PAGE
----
We have an exceptional programme called EY Ripples where we’re working to help young people gain skills and support high-impact entrepreneurs around the world. By 2030, our goal is to positively impact one billion lives. When companies invest in their people or communities, it doesn’t just create new opportunities for those who directly benefit. It also helps build a stronger workforce and a better overall business environment, creating a win-win for stakeholders and shareholders alike.

How important is innovation for EY?

It is part of the DNA of our business. EY has been in operation for more than 150 years, and innovation is the one common thread that has ensured continued success. By constantly innovating, and investing in new markets, new technologies, and new solutions, we have been able to remain relevant and distinctive across the markets that we operate in.

Why is consulting shifting from ideas to outcomes these days?

Fundamentally, people want results and execution over theory and ideas. We realized this some time ago and introduced our wave spaces, which are essentially spaces designed to generate possibilities in your business, find answers faster and align people for decision-making—whether your goal is to grow, transform or disrupt. We like to bring people from our client organizations together with us to interact with ideas, technology, and each other. The difference is that this interaction is not only an idea generator but solves problems and leads to meaningful outcomes.

What is your biggest leadership challenge driving EY’s goals in the region?

I believe that we need to see a more integrated Africa as a region. I think we have an opportunity to create significant market access gains but we need to have better trade committees, infrastructure, and investment in place to make this happen. EY has a strong presence in Africa, operating in multiple countries with a strong leadership team in place who are excited about the potential the continent can bring.

How has EY managed to sustain its relevance with clients?

Primarily I think with a trusted relationship. Our clients trust that EY has their best interests at heart and this is demonstrated in the type of work we can do. Through our purpose and our intent to be distinctive in our markets, we are focused on remaining relevant to society. This may mean that clients appreciate our ongoing investment into new solutions or leading with our digital transformation efforts or other things that may be relevant to them. At the end of the day it comes down to trust.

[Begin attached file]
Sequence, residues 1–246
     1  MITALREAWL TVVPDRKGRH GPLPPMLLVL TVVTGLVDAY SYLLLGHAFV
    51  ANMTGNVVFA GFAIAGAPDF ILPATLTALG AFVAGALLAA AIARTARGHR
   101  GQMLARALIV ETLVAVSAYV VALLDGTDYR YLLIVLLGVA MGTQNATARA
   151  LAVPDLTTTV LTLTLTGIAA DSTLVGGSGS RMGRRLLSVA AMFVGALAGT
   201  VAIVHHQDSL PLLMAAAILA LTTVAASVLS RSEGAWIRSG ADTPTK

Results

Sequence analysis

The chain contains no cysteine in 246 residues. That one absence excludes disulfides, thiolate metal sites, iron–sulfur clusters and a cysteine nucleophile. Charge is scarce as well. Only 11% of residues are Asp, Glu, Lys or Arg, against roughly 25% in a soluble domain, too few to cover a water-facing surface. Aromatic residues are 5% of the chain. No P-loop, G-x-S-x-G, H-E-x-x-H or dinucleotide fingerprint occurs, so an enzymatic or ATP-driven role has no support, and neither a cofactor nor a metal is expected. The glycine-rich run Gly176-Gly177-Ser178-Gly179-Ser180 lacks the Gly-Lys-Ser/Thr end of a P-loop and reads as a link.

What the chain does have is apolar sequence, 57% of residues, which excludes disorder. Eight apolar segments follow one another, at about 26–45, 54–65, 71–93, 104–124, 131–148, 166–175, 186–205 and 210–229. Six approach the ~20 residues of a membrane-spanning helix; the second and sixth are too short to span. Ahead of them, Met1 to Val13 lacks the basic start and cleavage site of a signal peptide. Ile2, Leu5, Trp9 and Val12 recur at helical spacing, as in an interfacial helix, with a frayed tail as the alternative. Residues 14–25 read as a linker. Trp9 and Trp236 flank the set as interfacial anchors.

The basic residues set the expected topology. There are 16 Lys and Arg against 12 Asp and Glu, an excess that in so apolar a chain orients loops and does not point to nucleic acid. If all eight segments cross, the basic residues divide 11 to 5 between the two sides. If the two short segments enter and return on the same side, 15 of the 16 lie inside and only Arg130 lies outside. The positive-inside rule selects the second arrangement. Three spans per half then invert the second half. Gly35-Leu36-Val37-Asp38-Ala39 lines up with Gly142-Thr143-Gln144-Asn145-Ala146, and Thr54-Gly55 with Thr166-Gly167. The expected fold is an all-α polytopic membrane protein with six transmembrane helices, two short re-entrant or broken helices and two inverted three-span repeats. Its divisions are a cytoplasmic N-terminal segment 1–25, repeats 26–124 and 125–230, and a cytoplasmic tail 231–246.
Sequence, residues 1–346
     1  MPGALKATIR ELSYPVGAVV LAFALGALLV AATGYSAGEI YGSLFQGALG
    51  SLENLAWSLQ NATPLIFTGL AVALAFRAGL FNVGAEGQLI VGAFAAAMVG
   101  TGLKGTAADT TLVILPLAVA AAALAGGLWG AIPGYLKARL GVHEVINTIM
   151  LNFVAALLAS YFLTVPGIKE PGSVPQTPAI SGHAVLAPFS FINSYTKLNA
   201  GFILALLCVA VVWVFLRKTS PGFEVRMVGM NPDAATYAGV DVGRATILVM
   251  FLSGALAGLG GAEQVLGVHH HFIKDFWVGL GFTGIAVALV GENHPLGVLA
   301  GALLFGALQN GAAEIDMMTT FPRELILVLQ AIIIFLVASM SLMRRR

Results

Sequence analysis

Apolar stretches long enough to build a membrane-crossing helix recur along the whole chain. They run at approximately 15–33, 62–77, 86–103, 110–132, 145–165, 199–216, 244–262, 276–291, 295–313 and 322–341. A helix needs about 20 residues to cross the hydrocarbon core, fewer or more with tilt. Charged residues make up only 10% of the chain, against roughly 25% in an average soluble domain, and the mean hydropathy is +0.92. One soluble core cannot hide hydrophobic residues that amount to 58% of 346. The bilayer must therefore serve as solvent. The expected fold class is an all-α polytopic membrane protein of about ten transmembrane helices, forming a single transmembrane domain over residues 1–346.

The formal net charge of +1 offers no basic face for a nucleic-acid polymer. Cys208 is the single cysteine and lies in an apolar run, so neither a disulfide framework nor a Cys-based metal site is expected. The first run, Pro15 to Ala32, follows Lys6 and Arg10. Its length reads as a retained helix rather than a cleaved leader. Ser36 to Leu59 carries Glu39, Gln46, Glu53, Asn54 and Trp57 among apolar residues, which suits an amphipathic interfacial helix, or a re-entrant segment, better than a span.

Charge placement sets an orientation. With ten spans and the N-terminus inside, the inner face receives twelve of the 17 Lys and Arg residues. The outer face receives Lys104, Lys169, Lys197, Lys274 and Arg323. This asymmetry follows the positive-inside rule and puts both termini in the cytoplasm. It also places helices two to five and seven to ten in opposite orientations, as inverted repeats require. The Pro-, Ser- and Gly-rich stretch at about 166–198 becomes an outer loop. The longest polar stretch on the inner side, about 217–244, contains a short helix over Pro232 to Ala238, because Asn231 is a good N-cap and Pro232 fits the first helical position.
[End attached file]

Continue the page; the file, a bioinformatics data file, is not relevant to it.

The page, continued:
What’s EY’s philosophy on the best way to train employees to be better leaders?

We invest heavily into the training and development of our people but it really comes down to four things; learning, experiences, coaching, and relationships. Our learning programmes are best of breed and we require our people to be on a continual learning journey at EY. However, this can take many forms and whether it is a training course, an international assignment, or a leadership development programme – our people have access to them all.

Our employees are looking to us to educate and empower them and so we have also introduced digital credentials known as EY Badges to help people develop skills related to emerging technologies that will benefit them throughout their careers. I take a personal interest in coaching our future leaders and expect the same commitment from my leadership team.

What are your ideas about the workplace of the future?

I am personally inspired by the workplace of the future. We have a young demographic in our business and a truly globalized workforce. This enables us to make agile decisions around our spaces which are embraced by our people and supported by our clients which is encouraging. We have worked hard to make our environments flexible including our office locations, enabling our people to “work from anywhere” and digitally enabling our workforce to ensure they have the tools they need to do their job effectively.

Is there anything that scares you about the workplace of the future?

Primarily that it is coming too slowly! Talking about it and delivering against it are not always the same thing. If we are to continue to attract the best talent and deliver the best solutions to our clients, we need to enable our people in the best way that we can.